Mugabe is out but Zimbabwe could remain a failed state

Morning View
Morning View

The vile nature of Robert Mugabe’s regime has been obvious for the best part of two decades.

Zimbabwe’s president entered his 80s in 2004, so while there was little sign of him losing power it seemed at least that his old age might result in the presidency transferring to a more reasonable figure.

But no.

This thuggish, racist man has stayed on in power until well into his 90s (he is now aged 93).

It seems at last that his leadership is at an end, after an apparent coup.

The army said that it had overseen a “bloodless correction” to restore democracy, which sounds like a coup.

Mugabe had held power for 37 years, but it was not until the 1990s that he began to turn on the white farmers.

Since then he has turned what was the breadbasket of Africa into a ruined country.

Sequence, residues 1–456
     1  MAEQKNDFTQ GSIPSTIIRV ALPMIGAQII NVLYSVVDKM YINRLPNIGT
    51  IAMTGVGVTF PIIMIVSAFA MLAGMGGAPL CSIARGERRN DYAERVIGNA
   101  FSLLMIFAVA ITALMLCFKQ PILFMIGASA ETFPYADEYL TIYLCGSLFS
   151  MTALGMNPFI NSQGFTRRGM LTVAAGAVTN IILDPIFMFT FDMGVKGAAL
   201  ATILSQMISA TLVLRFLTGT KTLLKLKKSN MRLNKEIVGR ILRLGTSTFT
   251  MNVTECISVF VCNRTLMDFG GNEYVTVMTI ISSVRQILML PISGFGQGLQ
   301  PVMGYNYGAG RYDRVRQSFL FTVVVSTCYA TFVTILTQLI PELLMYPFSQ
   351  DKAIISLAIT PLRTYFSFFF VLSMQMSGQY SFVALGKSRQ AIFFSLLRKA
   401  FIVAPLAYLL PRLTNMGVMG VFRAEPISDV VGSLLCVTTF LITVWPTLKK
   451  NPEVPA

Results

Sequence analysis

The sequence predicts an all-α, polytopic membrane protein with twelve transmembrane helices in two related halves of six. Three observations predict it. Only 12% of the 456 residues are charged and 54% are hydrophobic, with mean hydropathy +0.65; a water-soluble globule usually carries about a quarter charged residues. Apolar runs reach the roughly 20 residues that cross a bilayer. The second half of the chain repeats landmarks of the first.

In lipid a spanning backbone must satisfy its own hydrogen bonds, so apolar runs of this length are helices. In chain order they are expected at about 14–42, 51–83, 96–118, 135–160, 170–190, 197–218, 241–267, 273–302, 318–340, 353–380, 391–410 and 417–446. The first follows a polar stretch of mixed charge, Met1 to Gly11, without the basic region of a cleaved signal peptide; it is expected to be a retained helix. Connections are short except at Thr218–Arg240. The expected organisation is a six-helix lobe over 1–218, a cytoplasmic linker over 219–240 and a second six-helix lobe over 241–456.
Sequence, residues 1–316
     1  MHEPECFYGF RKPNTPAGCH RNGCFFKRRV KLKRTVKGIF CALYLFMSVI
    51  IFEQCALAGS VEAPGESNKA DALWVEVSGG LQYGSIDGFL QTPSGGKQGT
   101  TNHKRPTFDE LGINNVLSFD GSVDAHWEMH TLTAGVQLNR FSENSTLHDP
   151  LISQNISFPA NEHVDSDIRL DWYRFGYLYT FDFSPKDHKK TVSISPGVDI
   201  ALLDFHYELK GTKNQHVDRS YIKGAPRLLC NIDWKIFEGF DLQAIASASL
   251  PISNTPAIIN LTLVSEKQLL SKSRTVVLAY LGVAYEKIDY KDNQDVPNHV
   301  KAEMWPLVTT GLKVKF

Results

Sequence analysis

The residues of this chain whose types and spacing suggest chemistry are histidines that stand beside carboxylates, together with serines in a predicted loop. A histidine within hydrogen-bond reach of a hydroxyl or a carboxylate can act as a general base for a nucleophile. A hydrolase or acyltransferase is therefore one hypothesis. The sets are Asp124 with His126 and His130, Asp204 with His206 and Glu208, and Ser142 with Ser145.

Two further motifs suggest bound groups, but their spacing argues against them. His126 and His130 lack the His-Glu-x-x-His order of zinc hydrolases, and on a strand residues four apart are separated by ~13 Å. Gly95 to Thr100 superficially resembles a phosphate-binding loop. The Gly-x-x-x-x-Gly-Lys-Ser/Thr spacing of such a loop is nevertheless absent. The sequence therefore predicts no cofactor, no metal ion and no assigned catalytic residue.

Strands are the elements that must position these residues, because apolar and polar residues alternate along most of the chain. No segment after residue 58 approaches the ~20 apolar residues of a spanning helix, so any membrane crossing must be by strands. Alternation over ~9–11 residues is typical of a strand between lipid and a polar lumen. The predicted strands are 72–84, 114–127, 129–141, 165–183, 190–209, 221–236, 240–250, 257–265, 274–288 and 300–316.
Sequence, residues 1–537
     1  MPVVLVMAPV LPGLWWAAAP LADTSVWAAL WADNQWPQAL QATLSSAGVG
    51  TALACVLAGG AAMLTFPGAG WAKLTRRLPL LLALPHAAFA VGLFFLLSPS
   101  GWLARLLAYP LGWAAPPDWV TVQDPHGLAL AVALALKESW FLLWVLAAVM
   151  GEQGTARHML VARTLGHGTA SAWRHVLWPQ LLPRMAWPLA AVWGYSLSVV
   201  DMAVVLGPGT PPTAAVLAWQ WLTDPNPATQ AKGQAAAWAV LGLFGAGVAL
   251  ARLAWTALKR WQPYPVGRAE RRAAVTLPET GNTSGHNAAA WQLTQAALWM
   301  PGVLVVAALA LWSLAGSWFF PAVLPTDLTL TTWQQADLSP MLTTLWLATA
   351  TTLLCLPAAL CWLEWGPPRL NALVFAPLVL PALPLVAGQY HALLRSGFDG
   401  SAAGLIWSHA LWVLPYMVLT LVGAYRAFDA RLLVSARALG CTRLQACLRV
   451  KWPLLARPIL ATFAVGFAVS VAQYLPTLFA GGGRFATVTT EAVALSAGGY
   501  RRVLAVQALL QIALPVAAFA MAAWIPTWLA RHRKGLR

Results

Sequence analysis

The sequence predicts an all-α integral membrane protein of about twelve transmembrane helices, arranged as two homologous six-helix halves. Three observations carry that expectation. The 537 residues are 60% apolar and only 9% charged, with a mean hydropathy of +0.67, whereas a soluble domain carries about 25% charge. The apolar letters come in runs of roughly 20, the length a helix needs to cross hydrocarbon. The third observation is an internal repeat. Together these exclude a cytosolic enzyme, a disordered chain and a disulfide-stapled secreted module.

The persecution and violence against the farmers continues, but white people in Zimbabwe have been almost eliminated.

The country once had a quarter of a million white people. Now it has a few thousand.

The only nation in Africa that still has a large white population is South Africa, still measured in the millions.

Its farmers are also suffering violence, as they are in Kenya too, albeit in both countries the persecution is on a much smaller scale than that presided over by Mugabe.

Like many African dictators, Mugabe and his family live in luxury while many of his people live in poverty.

But his removal from power does not mean that things will improve in Zimbabwe. It would be hard for the country’s situation to get much worse, but there is every possibility that it will remain a corrupt and failed state, like so much of Africa.

This is a tragic state of affairs. That continent’s population is increasing at a rapid rate and it is urgently in need of good governance.